I've never been quite sure what this line from Eliot is saying. Is it 'oh swallow swallow' as in 'oh name-of-bird name-of-bird'? Or is he addressing the swallow with an imperative as in 'oh name-of-bird order-to-do-something'? Or even 'oh order-to-do-something name-of-bird'? If only it were written in Latin, this would all be clear.
Regardless, my Swallowtail Shawl - gulp - I finished it.
The Vital Statistics
Pattern: The Swallowtail Shawl by Evelyn Clark Designs.
Size: I did 19 repeats of the budding lace pattern and three tiers of the lily of the valley border (the pattern only calls for 14 repeats and 2 tiers respectively). My finished shawl measures 146 centimetres wide and 64 centimetres deep (57.5 inches x 25.2 inches).
Yarn: This is yarn that I bought at the Lake City Way Value Village here in Seattle. There were six balls of it, white, the only brand markings being 'All Wool Hand Knitting Yarn'. I dyed it with the help of my friend Valerie of Actual Size Creations - thank you! I joined three balls together to make one hank and dyed it like that - turns out that the middle ball took the dye differently which has produced an interesting colour variation. It's not a fault, it's a design feature.
I figured that it was laceweight but after recently inspecting some 2 ply at a yarn store I am leaning more towards calling it cobweb weight.
Needles: 3.5mm Addi Lace
Start to finish: 21 November 2008 to 23 March 2009. Only four months! It has taken me longer than that to knit a pair of socks! I'm very pleased with this timeframe, especially considering that there was quite a knitting pause in there while I got over my initial nupp shock.
Comments: Where to start? This is a lovely pattern but I found that the charts in the downloadable pdf version were badly laid out. I actually ended up cutting them out and rearranging them and sticking them down so that I could follow them. Nevertheless, when I went back to the charts after a few week's break, it took me a good half hour to understand them again.
This was my first real lace knitting project. I have done lacey knitting before but never to this scale and complexity. I don't think that a triangular shawl was actually a good place to start, the stitch increase each row just gives you one more thing to think about. I think the clue to keeping track of it all is to work out a method for recording where you are - with the use of markers, ticking row counts off on a list - and be rigorous about it. And count! It's easy on the non-patterned rows to just happily purl along but it is essential to count that there is the correct number of stitches in each repeat.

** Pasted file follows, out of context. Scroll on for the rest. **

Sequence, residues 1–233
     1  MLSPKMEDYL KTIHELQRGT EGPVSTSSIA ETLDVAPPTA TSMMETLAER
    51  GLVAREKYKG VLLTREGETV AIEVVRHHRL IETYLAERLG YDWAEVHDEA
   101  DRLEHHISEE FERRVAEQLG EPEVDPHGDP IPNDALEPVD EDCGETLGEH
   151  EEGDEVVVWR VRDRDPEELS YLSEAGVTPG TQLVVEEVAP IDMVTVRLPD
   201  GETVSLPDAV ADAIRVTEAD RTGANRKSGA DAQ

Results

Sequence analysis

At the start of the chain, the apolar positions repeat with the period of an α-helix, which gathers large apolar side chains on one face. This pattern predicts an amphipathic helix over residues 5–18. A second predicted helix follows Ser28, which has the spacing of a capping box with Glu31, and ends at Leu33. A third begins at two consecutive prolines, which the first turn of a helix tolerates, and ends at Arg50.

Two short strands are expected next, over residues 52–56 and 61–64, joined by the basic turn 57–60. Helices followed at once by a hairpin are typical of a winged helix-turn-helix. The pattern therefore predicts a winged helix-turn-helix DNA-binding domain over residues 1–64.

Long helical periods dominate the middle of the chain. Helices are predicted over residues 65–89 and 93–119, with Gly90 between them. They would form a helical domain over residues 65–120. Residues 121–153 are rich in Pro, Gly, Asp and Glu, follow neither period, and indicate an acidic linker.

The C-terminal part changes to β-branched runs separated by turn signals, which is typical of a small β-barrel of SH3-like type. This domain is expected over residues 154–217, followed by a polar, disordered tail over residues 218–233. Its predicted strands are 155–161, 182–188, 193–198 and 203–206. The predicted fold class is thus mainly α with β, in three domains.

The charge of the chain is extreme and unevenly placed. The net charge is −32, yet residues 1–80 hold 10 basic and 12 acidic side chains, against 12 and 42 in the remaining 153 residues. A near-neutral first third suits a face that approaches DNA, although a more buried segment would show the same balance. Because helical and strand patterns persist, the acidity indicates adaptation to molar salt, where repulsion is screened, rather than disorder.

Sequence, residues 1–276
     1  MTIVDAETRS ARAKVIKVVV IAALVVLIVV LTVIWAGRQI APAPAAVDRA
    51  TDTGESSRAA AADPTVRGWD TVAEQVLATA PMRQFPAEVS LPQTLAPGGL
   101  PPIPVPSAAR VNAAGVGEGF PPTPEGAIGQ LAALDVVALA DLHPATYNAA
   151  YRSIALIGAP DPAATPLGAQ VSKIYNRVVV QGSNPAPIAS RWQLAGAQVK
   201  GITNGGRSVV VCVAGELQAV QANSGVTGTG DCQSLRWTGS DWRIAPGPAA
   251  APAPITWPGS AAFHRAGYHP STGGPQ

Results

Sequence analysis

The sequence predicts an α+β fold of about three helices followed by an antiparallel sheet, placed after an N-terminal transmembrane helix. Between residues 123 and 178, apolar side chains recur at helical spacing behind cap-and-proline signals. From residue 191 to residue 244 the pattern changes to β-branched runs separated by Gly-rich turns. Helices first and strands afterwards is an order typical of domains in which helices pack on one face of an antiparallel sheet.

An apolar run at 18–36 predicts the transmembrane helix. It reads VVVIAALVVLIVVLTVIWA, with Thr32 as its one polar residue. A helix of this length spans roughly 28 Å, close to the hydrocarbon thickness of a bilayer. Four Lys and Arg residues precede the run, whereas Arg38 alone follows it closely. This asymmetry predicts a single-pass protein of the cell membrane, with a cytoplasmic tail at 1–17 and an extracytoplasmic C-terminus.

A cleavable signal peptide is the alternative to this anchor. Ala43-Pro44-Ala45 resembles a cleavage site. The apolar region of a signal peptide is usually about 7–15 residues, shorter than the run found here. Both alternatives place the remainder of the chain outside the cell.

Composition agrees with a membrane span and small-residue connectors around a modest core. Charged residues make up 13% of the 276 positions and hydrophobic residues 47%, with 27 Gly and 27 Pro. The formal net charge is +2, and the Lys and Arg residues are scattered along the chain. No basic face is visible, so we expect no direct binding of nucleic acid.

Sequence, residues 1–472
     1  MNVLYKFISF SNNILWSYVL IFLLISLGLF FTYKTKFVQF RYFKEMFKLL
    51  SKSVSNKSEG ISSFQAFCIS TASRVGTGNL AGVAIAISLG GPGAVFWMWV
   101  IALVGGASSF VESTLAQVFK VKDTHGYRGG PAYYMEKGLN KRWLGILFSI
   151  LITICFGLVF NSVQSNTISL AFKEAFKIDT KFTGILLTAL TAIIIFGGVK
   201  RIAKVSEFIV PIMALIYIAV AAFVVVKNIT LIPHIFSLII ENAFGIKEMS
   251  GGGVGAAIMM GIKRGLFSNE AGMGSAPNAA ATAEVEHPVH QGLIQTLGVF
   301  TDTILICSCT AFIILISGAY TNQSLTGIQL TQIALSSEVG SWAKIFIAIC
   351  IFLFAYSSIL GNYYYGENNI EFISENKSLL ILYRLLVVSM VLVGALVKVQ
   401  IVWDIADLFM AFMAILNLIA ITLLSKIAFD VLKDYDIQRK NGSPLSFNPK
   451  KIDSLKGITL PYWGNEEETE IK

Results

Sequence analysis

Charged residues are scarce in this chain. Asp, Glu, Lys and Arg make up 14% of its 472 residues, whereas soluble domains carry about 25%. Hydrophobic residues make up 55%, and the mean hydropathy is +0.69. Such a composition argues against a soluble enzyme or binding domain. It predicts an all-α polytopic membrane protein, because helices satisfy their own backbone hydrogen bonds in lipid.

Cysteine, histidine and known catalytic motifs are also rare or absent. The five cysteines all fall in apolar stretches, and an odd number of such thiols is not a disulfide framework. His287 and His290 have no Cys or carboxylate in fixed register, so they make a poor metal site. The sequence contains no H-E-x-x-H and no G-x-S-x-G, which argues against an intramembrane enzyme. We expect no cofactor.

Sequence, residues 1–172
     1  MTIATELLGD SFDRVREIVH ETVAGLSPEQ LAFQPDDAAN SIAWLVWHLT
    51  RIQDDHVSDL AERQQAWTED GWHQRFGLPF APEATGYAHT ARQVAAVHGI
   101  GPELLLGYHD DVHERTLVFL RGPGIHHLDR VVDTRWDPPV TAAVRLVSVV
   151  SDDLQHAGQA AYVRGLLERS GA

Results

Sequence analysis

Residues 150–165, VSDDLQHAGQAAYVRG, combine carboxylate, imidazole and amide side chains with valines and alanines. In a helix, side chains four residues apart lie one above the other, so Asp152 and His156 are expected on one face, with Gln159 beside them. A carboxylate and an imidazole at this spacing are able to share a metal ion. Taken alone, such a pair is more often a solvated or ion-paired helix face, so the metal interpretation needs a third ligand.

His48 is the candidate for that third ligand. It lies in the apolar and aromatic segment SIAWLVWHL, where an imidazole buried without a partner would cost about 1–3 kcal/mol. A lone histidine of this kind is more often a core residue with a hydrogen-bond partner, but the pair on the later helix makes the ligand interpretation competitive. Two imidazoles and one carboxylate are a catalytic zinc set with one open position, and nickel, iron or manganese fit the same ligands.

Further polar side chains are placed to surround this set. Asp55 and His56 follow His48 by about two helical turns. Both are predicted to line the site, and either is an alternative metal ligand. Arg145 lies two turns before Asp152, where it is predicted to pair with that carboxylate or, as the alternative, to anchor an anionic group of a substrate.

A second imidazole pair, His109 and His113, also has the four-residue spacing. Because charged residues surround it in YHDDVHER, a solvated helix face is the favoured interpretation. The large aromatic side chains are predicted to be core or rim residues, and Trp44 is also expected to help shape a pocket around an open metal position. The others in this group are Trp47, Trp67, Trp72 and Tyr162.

And the nupps- basically the nupps sucked. Yes, I got the hang of them but I certainly did not find them pleasant knitting. In future where nupps are called for I would consider making a bobble - same effect, less stress.
I was also saved, a number of times, by using a lifeline. I took a long piece of sock wool and, at the end of a repeat, threaded it through the stitches on the needle. I then continued to knit, leaving that length of sock yarn in place. This saves your life (or at least your lace) in the event that you discover a mistake and have to rip the knitting back. With yarn this fine and so many stitches, at a certain point to unknit is quite unbearable and if you rip back without something to secure the stitches at some point, you may well find yourself back at your cast-on edge. The lacey fabric is too wispy to hold its shape and it is very difficult to successfully pick up live stitches.
Verdict: While I hesitate to say that the shawl is perfect, I am very proud to say that the shawl is mistake free. There are no sneaky knit-2-togethers to deal with an extra stitch, or surreptitious make-ones when I fell a stitch short. I am absolutely delighted to have achieved one of my knitting aspirations. To knit lace is why I started knitting in the first place. So while the shawl itself only took me four months to knit, it has been about six years in the making.
I'm glad that I started doing this knitting thing. I may just stick with it.